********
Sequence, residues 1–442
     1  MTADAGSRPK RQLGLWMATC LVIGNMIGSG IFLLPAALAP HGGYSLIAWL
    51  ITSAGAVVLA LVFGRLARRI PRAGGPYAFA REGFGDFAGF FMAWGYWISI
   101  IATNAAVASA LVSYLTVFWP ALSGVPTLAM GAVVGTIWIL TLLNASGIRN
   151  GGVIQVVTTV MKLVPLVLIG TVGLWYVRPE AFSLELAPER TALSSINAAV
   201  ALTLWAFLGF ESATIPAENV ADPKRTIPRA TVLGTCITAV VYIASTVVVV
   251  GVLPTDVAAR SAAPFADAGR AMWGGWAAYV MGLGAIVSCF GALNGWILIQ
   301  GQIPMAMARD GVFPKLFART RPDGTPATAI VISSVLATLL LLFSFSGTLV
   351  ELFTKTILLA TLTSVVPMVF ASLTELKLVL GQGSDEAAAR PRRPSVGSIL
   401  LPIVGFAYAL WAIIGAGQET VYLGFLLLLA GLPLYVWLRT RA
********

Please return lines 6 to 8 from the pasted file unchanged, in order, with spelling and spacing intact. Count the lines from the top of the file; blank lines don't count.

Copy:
   201  ALTLWAFLGF ESATIPAENV ADPKRTIPRA TVLGTCITAV VYIASTVVVV
   251  GVLPTDVAAR SAAPFADAGR AMWGGWAAYV MGLGAIVSCF GALNGWILIQ
   301  GQIPMAMARD GVFPKLFART RPDGTPATAI VISSVLATLL LLFSFSGTLV